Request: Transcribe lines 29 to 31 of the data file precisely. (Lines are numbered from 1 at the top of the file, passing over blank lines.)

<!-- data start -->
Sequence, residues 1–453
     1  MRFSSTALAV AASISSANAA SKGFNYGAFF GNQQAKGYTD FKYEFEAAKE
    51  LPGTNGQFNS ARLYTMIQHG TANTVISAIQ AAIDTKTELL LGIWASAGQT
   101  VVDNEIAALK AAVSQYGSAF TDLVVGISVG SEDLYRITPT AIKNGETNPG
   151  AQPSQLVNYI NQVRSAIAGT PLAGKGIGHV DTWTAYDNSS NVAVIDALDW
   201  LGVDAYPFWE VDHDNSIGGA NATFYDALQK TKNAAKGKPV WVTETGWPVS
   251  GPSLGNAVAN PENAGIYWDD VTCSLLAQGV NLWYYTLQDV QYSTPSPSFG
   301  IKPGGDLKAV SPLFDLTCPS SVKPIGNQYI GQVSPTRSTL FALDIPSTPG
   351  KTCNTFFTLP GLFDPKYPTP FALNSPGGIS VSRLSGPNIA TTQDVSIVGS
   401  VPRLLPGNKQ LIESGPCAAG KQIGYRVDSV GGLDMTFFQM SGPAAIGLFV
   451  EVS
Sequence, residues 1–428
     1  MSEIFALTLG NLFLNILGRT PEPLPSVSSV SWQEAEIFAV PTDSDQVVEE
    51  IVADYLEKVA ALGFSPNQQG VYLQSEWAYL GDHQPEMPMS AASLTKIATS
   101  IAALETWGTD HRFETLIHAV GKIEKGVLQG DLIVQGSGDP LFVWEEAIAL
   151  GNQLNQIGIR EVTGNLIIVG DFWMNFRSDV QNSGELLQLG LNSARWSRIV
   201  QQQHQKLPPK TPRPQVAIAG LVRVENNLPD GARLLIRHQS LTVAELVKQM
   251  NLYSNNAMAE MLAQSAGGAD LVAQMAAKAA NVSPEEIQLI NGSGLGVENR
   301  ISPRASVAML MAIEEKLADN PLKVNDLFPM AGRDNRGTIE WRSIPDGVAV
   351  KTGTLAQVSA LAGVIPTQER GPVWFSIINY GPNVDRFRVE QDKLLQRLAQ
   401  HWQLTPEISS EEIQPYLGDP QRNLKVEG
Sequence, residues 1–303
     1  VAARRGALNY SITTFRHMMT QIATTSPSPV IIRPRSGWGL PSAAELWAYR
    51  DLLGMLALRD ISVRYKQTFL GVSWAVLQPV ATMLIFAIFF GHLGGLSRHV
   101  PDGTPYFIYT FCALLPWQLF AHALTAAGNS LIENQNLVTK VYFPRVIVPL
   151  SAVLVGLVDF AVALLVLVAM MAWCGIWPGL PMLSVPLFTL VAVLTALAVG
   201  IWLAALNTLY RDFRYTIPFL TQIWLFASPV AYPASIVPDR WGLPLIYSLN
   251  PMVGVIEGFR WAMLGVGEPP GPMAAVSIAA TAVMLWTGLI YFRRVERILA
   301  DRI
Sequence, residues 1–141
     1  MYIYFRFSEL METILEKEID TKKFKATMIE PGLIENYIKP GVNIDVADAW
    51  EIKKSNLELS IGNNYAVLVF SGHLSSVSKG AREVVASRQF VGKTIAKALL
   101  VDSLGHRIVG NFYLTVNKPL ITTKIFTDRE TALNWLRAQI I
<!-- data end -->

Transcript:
   301  DRI
Sequence, residues 1–141
     1  MYIYFRFSEL METILEKEID TKKFKATMIE PGLIENYIKP GVNIDVADAW